Saying full lips are a beauty trend implies—falsely—that the tide will change soon and small, thin lips like mine will be all the rage again. But the fact is, skinny lips haven’t been in fashion since Clara Bow was Hollywood’s It girl. In 1927. I’ve been in search of a fuller top lip from the time I was eighteen and started doing very painful collagen injections. I was living in Manhattan and doing some modeling work and my agency told me that without better lips, I’d never book a gig. It was 1994, the early days of injections, and to say the pain was excruciating would be an understatement. But I looked fantastic. I would be back in four months.
Needless to say, advancements have been made. I’ve been seeing cosmetic dermatologist Dr. Simon Ourian (you may know him as Kylie Jenner’s guy) for injections for years and yes, over time, my top lip has gotten bigger. No one is mistaking me for Angelina, but there’s something there. But while Dr. Ourian is great and the pain factor has decreased drastically since my early collagen days, it’s still not fun and it’s maintenance of the every-four-months variety. So, as someone who is always looking to try the latest and greatest, I wondered, “What if there was something else out there?”
I’d been hearing amazing things about a semi-permanent makeup artist from Europe named Emilia Berry, who runs Permaline Cosmetics out of New York City. Berry specializes in what she calls Micro-Stroke Brows ($950, includes a free touch-up) and Ombré Lips ($1,050, includes a free touch-up)—a new, subtle cosmetic tattooing technique with results that last three years. Now, I’ve never gotten a tattoo in my life, but I have had marriages that lasted longer than three years, so this seemed like a commitment I could handle. After seeing Emilia’s work, I promptly booked a flight and traveled 3,000 miles to meet her—first for the brows, which I overplucked to the point of no return in my youth and have been drawing on every morning since. (When I walked into her office, I was in shock—she could pass for a European supermodel. I don’t want to get hate mail from the Association of Face Tattooing, but she wasn’t fitting the image I had in my head of a borscht-loving, heavyset woman with a thick accent.)
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Emilia got right down to business, picking a natural-looking color for my brows and drawing it on in the most flattering shape with makeup artist precision. She numbed the area with lidocaine cream, turned on the tattoo pen and got to work shading my brows with micro “brushstrokes” that mimic real hair. The process was slightly uncomfortable but not painful—a completely manageable 2 on a scale of 10. When she finished, I looked in the mirror and couldn’t believe how real my eyebrows looked. It opened my face up and made me look younger. I would have to come back to New York within eight weeks for my touch-up, at which time I planned to do my lips.
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Back in Los Angeles, I decided to talk to Dr. Richard Ellenbogen, a Beverly Hills plastic surgeon, to find out what happens to our lips as we age. I’m turning 40 in July—which I’m fine with!—but it’s the age when it seems, at least in LA, society starts to fade you out. Turns out, that’s not in my mind: “Caucasians lose about 35% of pigment in their lips starting at age 35,” said Ellenbogen. “The lips also start to lose fat, but the top lengthens and folds over, giving an unhappy, sagging appearance.”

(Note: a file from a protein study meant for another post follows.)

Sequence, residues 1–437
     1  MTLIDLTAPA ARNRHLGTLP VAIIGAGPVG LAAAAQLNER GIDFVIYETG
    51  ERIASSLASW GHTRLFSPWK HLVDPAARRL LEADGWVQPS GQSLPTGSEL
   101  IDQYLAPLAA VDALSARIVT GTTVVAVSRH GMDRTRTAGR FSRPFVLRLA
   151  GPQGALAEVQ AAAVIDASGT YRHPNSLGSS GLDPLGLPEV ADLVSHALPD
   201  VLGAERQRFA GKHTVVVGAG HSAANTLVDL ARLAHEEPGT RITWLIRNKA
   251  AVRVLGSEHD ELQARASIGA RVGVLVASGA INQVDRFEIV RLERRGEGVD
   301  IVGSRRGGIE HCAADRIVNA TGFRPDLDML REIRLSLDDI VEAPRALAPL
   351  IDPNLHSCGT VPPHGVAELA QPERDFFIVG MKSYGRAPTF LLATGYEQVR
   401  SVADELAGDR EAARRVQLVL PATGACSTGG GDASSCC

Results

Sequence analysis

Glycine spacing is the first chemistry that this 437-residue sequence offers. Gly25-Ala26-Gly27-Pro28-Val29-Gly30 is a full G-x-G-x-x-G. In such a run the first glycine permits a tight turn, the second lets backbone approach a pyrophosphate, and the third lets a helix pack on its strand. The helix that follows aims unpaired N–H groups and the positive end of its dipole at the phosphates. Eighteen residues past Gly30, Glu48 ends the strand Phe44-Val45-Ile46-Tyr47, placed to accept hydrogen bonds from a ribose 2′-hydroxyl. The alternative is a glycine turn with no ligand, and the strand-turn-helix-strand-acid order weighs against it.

My friends were not as understanding. “You’re doing what?!” my best friend Kristen, who is usually very supportive of all my cosmetic endeavors, yelled into the phone when I asked if I could stay with her in New York on my next trip back. “You’re going to tattoo your lips? I’m saying this out of love: I think you’re really crazy.” Her response was not unlike others, who told me horror stories about their elderly aunt or grandma who got bright red lip liner tattooed around the mouth and now resembled a clown who forgot to apply lipstick. But I trusted Emilia and I know her work is going to be the next big thing, so I went back for my brow retouching and lips.
The Ombré Lip takes your natural lip shade and punches it up a tone or two (Emilia and I went with a subtle rose shade)—it’s like waking up in the morning already wearing your favorite pinky-nude lipstick. The technique doesn’t actually make your lips bigger (I’ll still be visiting Dr. Ourian a few times a year), it just gives the appearance that they are and adds youthful color and definition—remember, this lasts for three years! I was a bit more nervous about the pain this time, so I took a Xanax before we started. Combined with the topical numbing cream, I was good to go for the hour-long session, during which Emilia carefully shaded around the edges and the Cupid’s bow. When she finished, there was no blood, no sharp, freshly tattooed looking lines, no soreness—I was able to go straight out for drinks and dinner. (Later that evening, I saw my friend Kristen, who greeted me with, “OK, seriously, your lips look amazing.”)
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I can’t stress enough the importance of researching this decision. Emilia spends helped her day correcting the mistakes of other semi-permanent makeup artists, so take your time finding a skilled professional, insist on seeing before and after pictures and ask to speak to a current patient. You can shop at Nordstrom Rack and go to Trader Joe’s, but you are not allowed to hunt for a bargain tattoo for your face.